- The Panel confirmed in the response statement that: 1) the abolition of Note 2 will not result in an announcement being required where a purchaser of shares is not actively considering an offer; and 2) a purchaser of shares that was actively considering an offer but has ceased to do so following the rumour and speculation or untoward price movement can seek a dispensation from the announcement requirement under Note 4 (which will become Note 3) on Rule 2.2. This is, nevertheless, a notable change to the rules that may make a potential bidder think twice about purchasing target shares at an early stage of its bid planning.
An adjusted mandatory offer price:
- Under Rule 9.5, the Panel has the right to determine that the price payable on a mandatory bid (ordinarily the highest price paid in the preceding 12 months by the bidder or its concert parties) should be adjusted. Note 3 then specifies a number of circumstances that the Panel might take into account when considering a price adjustment, going on to say that the [adjusted] price "will be the price that is fair and reasonable taking into account [all relevant factors]".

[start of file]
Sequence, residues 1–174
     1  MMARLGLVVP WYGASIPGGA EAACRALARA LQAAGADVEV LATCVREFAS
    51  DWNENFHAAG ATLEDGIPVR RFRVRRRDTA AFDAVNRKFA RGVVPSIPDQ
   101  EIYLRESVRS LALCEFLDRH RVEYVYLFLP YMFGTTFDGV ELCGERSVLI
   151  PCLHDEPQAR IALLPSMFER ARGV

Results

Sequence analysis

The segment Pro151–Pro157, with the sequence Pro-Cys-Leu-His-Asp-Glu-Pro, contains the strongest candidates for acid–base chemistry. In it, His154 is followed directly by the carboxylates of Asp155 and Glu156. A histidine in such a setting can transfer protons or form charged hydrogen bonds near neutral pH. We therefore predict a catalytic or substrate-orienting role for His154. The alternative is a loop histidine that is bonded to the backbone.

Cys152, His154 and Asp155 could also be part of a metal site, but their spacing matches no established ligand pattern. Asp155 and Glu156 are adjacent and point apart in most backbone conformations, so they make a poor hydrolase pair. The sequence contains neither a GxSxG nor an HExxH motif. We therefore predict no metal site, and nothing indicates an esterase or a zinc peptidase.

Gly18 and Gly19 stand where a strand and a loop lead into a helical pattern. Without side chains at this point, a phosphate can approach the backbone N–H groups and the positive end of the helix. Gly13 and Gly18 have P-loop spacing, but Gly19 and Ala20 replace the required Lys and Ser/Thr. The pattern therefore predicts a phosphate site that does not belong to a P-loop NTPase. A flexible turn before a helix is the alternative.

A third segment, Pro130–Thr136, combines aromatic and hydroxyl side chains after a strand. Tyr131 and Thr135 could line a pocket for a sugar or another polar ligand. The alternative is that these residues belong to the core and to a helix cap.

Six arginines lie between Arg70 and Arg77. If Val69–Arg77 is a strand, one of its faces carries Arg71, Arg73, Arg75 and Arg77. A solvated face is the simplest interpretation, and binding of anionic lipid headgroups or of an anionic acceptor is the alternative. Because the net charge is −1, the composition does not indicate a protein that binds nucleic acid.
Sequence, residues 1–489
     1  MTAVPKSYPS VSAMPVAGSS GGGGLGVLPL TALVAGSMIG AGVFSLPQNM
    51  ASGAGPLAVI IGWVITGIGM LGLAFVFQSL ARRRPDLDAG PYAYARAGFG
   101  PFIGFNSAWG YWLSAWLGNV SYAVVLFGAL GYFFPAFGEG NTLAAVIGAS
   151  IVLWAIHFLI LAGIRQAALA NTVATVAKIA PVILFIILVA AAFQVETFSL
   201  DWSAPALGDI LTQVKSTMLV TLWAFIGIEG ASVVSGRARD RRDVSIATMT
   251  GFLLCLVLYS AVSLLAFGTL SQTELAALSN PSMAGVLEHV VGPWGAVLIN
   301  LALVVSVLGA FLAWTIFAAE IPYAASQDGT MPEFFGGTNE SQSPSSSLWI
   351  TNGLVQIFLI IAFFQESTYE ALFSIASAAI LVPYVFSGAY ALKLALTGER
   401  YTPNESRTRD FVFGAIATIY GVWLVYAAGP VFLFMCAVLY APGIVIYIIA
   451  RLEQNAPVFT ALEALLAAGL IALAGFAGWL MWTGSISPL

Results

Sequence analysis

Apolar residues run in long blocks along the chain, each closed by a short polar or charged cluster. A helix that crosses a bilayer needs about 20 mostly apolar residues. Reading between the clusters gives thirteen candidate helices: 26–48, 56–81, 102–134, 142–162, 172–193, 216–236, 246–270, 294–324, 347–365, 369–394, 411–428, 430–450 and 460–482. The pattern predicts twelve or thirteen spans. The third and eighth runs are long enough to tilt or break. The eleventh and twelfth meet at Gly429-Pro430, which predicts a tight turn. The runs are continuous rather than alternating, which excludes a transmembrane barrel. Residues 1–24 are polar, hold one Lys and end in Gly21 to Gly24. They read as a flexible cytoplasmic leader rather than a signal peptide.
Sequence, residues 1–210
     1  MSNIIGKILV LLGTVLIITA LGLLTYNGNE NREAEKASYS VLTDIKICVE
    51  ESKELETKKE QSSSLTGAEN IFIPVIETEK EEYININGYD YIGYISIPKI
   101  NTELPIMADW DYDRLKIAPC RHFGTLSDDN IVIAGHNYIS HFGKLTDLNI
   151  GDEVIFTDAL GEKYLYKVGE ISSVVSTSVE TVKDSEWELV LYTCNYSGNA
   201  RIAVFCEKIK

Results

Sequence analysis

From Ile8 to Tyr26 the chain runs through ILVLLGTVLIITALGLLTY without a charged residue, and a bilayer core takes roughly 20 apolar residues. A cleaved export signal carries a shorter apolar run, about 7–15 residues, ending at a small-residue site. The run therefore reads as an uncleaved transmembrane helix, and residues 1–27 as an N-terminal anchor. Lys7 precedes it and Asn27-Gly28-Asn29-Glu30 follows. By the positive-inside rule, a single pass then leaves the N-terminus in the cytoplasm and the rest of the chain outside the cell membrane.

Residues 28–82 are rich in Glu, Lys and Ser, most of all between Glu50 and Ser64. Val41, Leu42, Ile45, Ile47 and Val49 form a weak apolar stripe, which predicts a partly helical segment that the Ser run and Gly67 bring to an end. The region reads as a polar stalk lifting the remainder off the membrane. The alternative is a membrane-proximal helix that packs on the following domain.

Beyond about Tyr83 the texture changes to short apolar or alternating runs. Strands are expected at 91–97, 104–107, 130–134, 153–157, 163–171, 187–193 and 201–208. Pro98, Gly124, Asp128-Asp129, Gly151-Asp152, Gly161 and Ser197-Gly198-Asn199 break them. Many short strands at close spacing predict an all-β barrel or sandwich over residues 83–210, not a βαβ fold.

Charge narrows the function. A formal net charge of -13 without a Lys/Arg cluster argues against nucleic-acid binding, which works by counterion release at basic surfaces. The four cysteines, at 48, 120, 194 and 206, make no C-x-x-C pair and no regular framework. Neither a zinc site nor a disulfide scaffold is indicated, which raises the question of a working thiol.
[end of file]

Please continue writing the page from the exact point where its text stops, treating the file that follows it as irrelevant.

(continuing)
- The Panel considers that the term "fair and reasonable" is potentially confusing in this context given that this term is more commonly encountered in the context of the target board's and its financial adviser's opinion on the financial terms of the offer. The term "fair and reasonable" in Note 3 will therefore be replaced with the term "appropriate".
Target board recommendations and directors' intentions: